Inspired by the talk at last night’s Puget Sound SIGCHI meeting, I decided to renew my long-overdue membership.Â But apparently the people who created their web site didn’t consider that someone could have let their membership lapse for more than a year, as I appear to be stuck in a time paradox (click to enlarge):
I’m not quite sure what will happen if I click on the renew button.Â Pay for membership this year (2011) or retroactively for last year (2010)?Â Maybe I should have just renewed in-person at the end of last night’s meeting.
Based on the links in my newsreader over the past couple of days, I know I wasn’t the only one who enjoyedÂ this thoughtful examination of one aspect of the iPhone’s mail app user experience.Â The author describes how the app changes its method of alerting the user to new mail based on the user’s context within their inbox.Â It’s a neat, yet subtle detail — so subtle that I hadn’t ever noticed it myself, and I’ve been using an iPhone for the past year and a half.
Having someone point out that detail was like someone telling you about the hidden-in-plain-sight arrow in the FedEx logo: not only can you not unsee it once you see it, but you start looking for similar instances elsewhere.Â So perhaps it’s no surprise that I recently became aware of differences between web sites’ use of another, more subtle kind of alert mechanism.Â And it resides in a web page’s humble <title> tag.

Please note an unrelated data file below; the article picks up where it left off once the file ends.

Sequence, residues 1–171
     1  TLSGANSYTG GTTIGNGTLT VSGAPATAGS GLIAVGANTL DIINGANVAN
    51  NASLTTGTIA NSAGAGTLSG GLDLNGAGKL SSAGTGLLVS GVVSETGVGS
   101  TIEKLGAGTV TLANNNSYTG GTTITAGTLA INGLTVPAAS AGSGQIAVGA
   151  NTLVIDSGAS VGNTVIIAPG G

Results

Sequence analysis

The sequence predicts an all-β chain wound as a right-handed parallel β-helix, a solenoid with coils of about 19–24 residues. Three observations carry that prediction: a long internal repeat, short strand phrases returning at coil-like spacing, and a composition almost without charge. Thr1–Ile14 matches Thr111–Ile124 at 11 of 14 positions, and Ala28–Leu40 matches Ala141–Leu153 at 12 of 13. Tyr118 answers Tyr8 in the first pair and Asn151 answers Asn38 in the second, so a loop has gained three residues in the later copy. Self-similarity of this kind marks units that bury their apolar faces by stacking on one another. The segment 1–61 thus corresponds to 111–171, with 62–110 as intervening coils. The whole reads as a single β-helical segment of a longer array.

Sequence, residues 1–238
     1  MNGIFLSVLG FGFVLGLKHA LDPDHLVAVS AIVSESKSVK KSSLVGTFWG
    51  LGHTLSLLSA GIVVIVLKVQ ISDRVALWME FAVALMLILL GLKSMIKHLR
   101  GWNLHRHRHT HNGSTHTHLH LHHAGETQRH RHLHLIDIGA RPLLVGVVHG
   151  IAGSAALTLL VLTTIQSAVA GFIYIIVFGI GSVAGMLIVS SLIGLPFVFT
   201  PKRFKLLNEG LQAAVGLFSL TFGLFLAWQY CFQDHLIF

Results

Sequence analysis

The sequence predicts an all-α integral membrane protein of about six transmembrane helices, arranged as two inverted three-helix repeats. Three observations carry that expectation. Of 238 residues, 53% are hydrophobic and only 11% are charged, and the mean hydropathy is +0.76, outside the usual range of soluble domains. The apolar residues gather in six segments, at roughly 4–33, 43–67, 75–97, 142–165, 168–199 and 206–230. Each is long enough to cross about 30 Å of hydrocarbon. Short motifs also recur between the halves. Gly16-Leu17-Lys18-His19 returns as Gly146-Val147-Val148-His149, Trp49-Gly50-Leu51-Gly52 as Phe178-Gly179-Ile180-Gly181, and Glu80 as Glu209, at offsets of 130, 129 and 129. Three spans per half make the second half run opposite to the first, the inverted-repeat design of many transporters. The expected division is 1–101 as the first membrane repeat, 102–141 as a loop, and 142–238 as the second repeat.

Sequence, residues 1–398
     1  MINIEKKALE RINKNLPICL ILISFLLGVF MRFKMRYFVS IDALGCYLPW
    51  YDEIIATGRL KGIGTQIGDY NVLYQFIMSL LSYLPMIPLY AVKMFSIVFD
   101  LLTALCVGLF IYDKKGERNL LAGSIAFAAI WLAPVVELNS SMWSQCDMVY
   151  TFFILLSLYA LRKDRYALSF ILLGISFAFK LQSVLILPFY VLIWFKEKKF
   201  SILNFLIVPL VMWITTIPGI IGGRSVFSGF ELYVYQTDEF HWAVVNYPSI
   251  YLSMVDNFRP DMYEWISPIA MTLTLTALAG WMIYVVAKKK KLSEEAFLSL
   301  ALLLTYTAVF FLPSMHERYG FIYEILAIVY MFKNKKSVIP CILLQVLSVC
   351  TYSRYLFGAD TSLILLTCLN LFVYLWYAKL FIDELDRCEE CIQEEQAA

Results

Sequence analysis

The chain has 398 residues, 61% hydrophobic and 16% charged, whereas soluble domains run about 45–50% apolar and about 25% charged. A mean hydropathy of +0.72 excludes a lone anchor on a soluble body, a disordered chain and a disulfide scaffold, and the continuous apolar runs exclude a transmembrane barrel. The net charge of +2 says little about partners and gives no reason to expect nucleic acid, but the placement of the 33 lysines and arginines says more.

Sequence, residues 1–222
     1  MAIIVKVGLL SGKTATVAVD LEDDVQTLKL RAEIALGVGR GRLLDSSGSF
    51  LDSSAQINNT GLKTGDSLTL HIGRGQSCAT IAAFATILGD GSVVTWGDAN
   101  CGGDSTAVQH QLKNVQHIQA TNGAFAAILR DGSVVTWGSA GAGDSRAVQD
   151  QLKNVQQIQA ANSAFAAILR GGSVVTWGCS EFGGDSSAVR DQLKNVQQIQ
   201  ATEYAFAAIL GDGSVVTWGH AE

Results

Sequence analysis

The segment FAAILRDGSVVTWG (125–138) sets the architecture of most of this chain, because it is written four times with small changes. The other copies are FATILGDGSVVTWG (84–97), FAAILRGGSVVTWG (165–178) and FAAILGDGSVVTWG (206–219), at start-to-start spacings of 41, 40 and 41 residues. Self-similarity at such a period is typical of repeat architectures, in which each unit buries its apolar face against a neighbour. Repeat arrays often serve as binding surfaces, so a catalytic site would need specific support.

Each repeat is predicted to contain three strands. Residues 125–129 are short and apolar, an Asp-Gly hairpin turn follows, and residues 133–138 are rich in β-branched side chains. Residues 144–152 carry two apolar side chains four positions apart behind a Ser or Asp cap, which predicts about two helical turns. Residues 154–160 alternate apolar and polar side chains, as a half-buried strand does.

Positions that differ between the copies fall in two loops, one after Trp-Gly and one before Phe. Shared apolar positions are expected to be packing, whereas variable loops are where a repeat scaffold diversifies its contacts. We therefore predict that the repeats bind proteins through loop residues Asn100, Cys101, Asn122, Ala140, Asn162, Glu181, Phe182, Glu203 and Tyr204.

Now, the <title> tag has long been abused in all sorts of ways, from being used as an SEO keyword-spamming mechanism to being downright neglected and forced to serve up the exact same site name text in every single page.Â Sometimes a UX architect like myself gets to help shape its usage, suggesting the <title> tag have structured, human-readable content for easy scanning in a list of bookmarks or search engine results.
But what about when page freshness is at least as critical as page content?
Compare Gmail and Twitter, both sites which reside in open tabs in my browser every day.Â Both sites use the <title> tag to describe content (site name and location) as well as freshness (new message count).Â But one is slightly more usable for my personal, tab-crazy scenario.
Because I have so many tabs open at once in my browser, the actual tab text (the <title> tag) gets truncated to as few as three usable characters.Â (My tab for “The New York Times” reads “The â€¦”)Â In my main browser, Firefox, Gmail’s nicely-structured, decent-length title looks like this in fullscreen:
â€¦but like this in a tiny tab:
What’s lost is my ability to see how many new messages I have at a glance.Â To get that info, I need to break my existing task flow to mouse over or click on the Gmail tab.Â If I’m just web surfing, no big deal.Â But if I’m working in another app layered over my browser, actually stopping what I’m doing to click over to check my messages is a definite interruption.
(And yes, I know I could turn email off altogether while working on other things, but sorry, that’s not how I rollâ€¦)
Twitter better enables my multi-tasking lifestyle by helpfully putting the new message count as the first element in their title tag, which is visible even at the smallest tab size:
It may be less structurally proper, but it adapts far more gracefully in different scenarios, even the less common ones.Â Just like the iPhone mail app.